Patricia de Lille, a South African politician, was born the 17 February, 1951 in Beaufort West to Henry and Gertrude Lindt. She is the third of seven children in an Afrikaans-speaking coloured family. Her father, a teacher, was a Pan Africanist Congress (PAC) supporter. She received her primary education at the Methodist Primary School and thereafter completed her secondary education at Bastiaanse Hoërskool in 1969. In 1974, she worked as a laboratory technician for Plascon Paints and remained there for 16 years. In 1985 she earned a diploma in industrial relations through Damelin College. She was then employed, joined the SACWU. After SACWU became a founding affiliate of the NACTU and became its regional chairperson,then its national vice president in 1988. 

During this time, she became heavily involved in trade union politics and joined as a member of the South African Chemical Workers' Union (SACWU). She started off as a shop steward but slowly worked her way up as SACWU's regional secretary. She then went on to form part of the National Executive Committee of SACWU and was also the regional chairperson of the National Council of Trade Unions (NACTU) in the Western Cape. Politically, NACTU was to the Pan Africanist Congress (PAC) what the Congress of South African Trade Unions (COSATU) is to the African National Congress (ANC).

In 1989, she was elected into the National Executive Committee of the Pan Africanist Movement (PAM), a wing of the PAC. When the PAC and other political organisations were unbanned in 1990, de Lille was appointed as foreign secretary and relief and aid secretary of the party. During the CODESA negotiations, De Lille led the PAC delegation and after the first democratic elections, she was appointed as a member of parliament.

Between 1994 and 1999, she served as the chairperson of the Transport committee and the chief whip for the PAC in parliament. She also served on various portfolio committees including the Health, Mineral and Energies portfolios as well as on the rules committee,  the codes of ethics and many others. Ironically, de Lille used the very same rule of floor crossing that she fiercely opposed in parliament to break away from the Pan Africanist Congress; officially becoming the first South African woman to formally establish her own political party, the Independent Democrats (ID) in 2003.

With her new party winning four seats in the national de Lille retained her position as a parliamentarian. She used her position to voice her opinions on issues such as corruption, women and child abuse, HIV/Aids and others such as, children in prison, xenophobia and poverty. De lille serves on, or has served on, the boards of the following organisations:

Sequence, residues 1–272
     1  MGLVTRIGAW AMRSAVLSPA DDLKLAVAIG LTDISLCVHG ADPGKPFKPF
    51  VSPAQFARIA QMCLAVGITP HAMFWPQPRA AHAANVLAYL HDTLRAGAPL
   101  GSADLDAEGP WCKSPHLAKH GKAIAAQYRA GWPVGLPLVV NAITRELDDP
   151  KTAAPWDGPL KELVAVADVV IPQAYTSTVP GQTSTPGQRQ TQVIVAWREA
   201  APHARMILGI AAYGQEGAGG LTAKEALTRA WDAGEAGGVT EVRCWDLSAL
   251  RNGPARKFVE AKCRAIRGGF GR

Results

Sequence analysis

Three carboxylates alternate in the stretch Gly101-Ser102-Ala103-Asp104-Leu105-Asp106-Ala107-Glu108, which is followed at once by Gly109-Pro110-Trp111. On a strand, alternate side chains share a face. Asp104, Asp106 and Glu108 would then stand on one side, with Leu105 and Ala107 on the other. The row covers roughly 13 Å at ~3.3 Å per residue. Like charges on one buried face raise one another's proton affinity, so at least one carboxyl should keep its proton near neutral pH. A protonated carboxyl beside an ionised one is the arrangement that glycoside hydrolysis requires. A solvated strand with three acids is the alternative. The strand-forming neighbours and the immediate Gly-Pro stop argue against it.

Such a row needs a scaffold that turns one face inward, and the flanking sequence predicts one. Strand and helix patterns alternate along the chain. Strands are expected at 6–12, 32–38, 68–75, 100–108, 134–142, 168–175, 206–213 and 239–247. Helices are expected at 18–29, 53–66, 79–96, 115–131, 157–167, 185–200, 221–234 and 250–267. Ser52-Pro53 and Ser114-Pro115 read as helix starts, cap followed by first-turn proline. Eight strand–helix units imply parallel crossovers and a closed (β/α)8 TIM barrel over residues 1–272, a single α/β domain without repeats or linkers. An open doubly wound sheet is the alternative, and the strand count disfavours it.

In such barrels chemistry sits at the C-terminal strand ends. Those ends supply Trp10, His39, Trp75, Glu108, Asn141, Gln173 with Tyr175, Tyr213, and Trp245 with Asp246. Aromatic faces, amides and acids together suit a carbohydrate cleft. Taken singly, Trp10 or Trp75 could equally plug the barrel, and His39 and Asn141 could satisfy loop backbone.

• Fikelela HIV/AIDS Project
  • Age-in-Action - Patron
  • Diocesan College-Bishops - council member
  • Nazareth House HIV/Aids Children, where she sponsors one child
  • St Joseph's Home for chronically sick children
  • Helen Suzman Foundation
  • Impumelelo Innovation Awards
  • Caring Network
  • Nelson Mandela Children's Fund
  • HIV/Aids Babies Battling HIV/AIDS Trust

She is also a member of both the Global Organisation of Parliamentarians against Corruption and the African Parliamentarians Network against Corruption. Patricia was the first politician to expose corruption in the controversial Arms Deal in South Africa ultimately leading to the investigation of government officials such as former ANC Chief Whip, Tony Yengeni. In 2004 she was awarded the HIV/AIDS activist award by Canadian-based organisation, South African Women for Women. Another first for South African women, Patricia would become the first woman to be recognised as a Honorary Colonel in the South African National Defence Force (SANDF) in 2006.

In a surprise political move, the ID merged with the Democratic Alliance (DA) 2010, in an effort to better oppose the ruling ANC. Seen as a move toward strengthening the cooperation between both parties, the ID officially disbanded as a separate political organisation in 2014. During this period de Lille served as the Minister for Social Development of the Western Cape from 2010-2011 and come 2011, de Lille would succeed fellow DA Member Dan Plato as the Mayor of the City of Cape Town, a position she holds as of February 2018.[1]

From mid-2017 to the beginning of 2018, de Lille has come under fire for potential misconduct as a result of a broad investigation into the City of Cape Town’s management executives. In September 2017, she received a suspension from DA party activities when an argument between herself and mayoral committee member JP Smith with regards to her decision to shut-down a special investigating unit in the city became public.[2] At the same time, de Lille faced allegations of corruption and mismanagement following an investigation by the Federal executive of the DA.